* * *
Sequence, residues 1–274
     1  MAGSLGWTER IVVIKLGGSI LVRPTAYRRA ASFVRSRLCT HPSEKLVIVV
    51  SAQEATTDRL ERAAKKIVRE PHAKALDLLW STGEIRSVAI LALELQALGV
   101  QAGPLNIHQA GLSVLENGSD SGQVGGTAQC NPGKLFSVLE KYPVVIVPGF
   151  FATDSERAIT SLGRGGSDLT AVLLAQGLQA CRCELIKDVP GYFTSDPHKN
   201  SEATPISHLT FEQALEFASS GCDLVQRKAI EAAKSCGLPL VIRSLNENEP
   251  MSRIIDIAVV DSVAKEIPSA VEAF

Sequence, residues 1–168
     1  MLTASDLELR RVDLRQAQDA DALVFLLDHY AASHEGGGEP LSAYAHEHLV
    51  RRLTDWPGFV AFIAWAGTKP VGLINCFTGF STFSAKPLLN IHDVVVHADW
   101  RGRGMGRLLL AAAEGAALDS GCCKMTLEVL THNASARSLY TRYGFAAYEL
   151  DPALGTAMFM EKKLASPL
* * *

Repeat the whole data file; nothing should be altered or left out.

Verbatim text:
Sequence, residues 1–274
     1  MAGSLGWTER IVVIKLGGSI LVRPTAYRRA ASFVRSRLCT HPSEKLVIVV
    51  SAQEATTDRL ERAAKKIVRE PHAKALDLLW STGEIRSVAI LALELQALGV
   101  QAGPLNIHQA GLSVLENGSD SGQVGGTAQC NPGKLFSVLE KYPVVIVPGF
   151  FATDSERAIT SLGRGGSDLT AVLLAQGLQA CRCELIKDVP GYFTSDPHKN
   201  SEATPISHLT FEQALEFASS GCDLVQRKAI EAAKSCGLPL VIRSLNENEP
   251  MSRIIDIAVV DSVAKEIPSA VEAF

Sequence, residues 1–168
     1  MLTASDLELR RVDLRQAQDA DALVFLLDHY AASHEGGGEP LSAYAHEHLV
    51  RRLTDWPGFV AFIAWAGTKP VGLINCFTGF STFSAKPLLN IHDVVVHADW
   101  RGRGMGRLLL AAAEGAALDS GCCKMTLEVL THNASARSLY TRYGFAAYEL
   151  DPALGTAMFM EKKLASPL